Dan Byman and Natan Sachs have a great article in the new Foreign Affairs on the rise of settler terrorism in the West Bank. I suspect that some will argue Byman and Sachs are “brave” to tackle such a “controversial” issue, but reading the article last weekend, one of the things that struck me was how much the article makes sense in the context of Byman’s other research. Byman has basically spent the past decade studying the threats posed by violent non-state actors to the state of Israel and then evaluating Israel’s response to those threats. If Byman was to follow an honest definition of terrorism, it was only going to be a matter of time before he dealt with the violent Jewish extremists who have both terrorized the Palestinian population of the West Bank and posed a real challenge to the authority of the Israeli state. Regional specialists have been sounding the alarm about the changing character of the Israeli settler movement for quite some time, so again, it makes sense to see security studies specialists now paying attention to the issue.
Byman and Sachs have contributed a valuable service by sketching out the way in which the settler movement has changed, why it has resorted to violence (spoiler: it’s working!), and why both the Israeli and U.S. governments should be more concerned than they are. A few ironies that struck me while reading the report:
1. This will be awkward for all parties involved, but Palestinians are the new Israelis:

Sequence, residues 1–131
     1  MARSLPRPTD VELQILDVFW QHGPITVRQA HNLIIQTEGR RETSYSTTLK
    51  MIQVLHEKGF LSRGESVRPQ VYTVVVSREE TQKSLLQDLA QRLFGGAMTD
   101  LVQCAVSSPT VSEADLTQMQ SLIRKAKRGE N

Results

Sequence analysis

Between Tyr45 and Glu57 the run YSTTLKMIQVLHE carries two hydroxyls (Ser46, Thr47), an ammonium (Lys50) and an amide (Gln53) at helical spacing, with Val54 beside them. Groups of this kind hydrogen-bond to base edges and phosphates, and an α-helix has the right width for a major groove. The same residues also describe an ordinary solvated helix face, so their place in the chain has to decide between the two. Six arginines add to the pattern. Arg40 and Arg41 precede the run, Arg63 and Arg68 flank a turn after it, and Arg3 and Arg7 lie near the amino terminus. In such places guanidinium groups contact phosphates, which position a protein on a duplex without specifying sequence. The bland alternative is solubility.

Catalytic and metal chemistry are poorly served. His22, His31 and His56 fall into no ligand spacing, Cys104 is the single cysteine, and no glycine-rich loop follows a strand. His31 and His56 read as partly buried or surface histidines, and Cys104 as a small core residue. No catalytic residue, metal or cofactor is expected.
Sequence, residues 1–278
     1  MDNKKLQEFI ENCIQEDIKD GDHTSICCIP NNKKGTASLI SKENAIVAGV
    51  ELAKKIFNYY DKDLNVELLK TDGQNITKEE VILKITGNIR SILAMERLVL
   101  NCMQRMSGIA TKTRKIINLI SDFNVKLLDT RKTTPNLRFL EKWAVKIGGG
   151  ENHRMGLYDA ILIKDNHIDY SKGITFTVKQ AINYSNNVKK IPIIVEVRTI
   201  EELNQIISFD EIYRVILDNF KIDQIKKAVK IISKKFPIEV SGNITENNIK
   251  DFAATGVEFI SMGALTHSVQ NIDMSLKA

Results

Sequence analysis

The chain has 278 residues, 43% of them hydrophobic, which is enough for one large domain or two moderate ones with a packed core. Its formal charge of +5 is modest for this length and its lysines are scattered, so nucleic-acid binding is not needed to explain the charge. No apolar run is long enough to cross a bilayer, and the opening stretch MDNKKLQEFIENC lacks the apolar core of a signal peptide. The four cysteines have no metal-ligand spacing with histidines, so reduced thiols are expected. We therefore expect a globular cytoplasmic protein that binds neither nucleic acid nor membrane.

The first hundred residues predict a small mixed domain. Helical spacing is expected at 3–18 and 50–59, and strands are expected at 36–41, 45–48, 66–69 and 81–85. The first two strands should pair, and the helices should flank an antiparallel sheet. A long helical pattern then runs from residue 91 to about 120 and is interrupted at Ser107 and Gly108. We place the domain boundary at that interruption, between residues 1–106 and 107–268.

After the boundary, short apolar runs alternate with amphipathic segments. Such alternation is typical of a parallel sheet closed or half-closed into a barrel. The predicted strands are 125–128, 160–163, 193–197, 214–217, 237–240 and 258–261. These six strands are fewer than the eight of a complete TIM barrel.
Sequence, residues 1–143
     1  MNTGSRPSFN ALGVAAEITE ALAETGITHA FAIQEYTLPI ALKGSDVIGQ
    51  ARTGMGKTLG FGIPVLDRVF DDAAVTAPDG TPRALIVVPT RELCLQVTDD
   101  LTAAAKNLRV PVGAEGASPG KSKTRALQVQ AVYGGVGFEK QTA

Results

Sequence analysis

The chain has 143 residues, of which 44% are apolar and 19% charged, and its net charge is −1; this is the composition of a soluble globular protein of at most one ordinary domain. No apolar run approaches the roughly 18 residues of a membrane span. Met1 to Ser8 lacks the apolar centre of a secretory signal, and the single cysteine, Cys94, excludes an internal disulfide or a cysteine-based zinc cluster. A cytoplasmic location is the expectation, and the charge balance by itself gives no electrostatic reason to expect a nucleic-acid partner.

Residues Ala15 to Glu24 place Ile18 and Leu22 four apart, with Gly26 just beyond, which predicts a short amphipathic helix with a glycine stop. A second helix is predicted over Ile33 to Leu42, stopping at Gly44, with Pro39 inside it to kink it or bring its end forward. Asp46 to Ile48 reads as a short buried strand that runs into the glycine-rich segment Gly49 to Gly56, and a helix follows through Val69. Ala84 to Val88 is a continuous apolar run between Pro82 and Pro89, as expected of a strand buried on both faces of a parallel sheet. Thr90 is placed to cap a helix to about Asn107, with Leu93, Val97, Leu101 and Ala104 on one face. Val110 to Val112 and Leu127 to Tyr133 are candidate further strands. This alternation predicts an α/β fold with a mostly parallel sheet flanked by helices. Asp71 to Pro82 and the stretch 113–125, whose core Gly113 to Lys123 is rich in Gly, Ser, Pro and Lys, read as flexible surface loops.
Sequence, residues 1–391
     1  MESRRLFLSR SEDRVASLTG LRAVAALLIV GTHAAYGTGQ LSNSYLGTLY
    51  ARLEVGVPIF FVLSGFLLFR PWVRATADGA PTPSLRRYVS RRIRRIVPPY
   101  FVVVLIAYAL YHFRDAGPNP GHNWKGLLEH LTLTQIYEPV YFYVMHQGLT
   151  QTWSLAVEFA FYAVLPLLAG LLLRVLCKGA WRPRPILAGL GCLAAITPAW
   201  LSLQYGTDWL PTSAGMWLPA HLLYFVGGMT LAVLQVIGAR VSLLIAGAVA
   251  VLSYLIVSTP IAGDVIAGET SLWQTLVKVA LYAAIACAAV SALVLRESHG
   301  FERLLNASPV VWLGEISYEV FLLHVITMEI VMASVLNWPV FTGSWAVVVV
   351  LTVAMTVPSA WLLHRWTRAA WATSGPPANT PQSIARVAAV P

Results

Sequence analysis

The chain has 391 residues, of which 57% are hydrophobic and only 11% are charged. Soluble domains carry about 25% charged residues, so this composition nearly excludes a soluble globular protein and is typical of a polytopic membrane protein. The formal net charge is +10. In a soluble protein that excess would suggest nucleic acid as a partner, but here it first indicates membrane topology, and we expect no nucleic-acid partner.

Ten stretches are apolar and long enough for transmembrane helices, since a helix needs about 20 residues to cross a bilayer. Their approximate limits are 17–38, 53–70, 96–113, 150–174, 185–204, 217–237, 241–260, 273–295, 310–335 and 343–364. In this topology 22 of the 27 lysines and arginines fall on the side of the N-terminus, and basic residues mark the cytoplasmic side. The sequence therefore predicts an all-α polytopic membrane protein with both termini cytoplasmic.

The situation recalls the bitterness Israelis felt when dealing with former Palestinian leader Yasir Arafat as Palestinian suicide bombings continued: either he could stop the violence and chose not to or he was unable to end it, in which case there was little reason to talk. As settler violence increases, the Palestinians will begin to say the same about Israel’s leadership.
2. The recommendations Byman and Sachs put forward often echo the recommendations so often put forward regarding Islamist terrorism. Specifically…
…mainstream rabbis should denounce their radical brethren and demonstrate how their views contradict centuries of religious tradition. When extremist rabbis incite violence, they must face prosecution.
Now where have we heard something remarkably similar to that before!
I had never visited Israel or the Palestinian territories prior to 2006 but have been four times since. I am a very amateur student, then, of both Israeli society as well as the debates on Israel and the U.S. relationship with Israel that take place here in the United States. (I am better versed in the theological debates within my own faith tradition regarding the state of Israel, but theology is not a subject I wish to blog on anytime soon!) I have to tell you, though, that I have never once heard anyone from any of the Jewish organizations that support the U.S.-Israeli relationship condone settler violence or speak about it with anything other than condemnation. So I do not think the problem is with the often maligned American Israel Public Affairs Committee or the American Jewish Congress or any other similar group. I wonder, though, what many evangelical Christian groups like John Hagee’s Christians United for Israel think about settler violence — if they think about it at all. And I wonder also if those groups will be an obstacle to some of the recommendations Byman and Sachs make regarding cracking down on funding for extremist groups in the settlements. Because sadly, we American Christians have a history of turning a blind eye toward terrorism when we approve of the ends.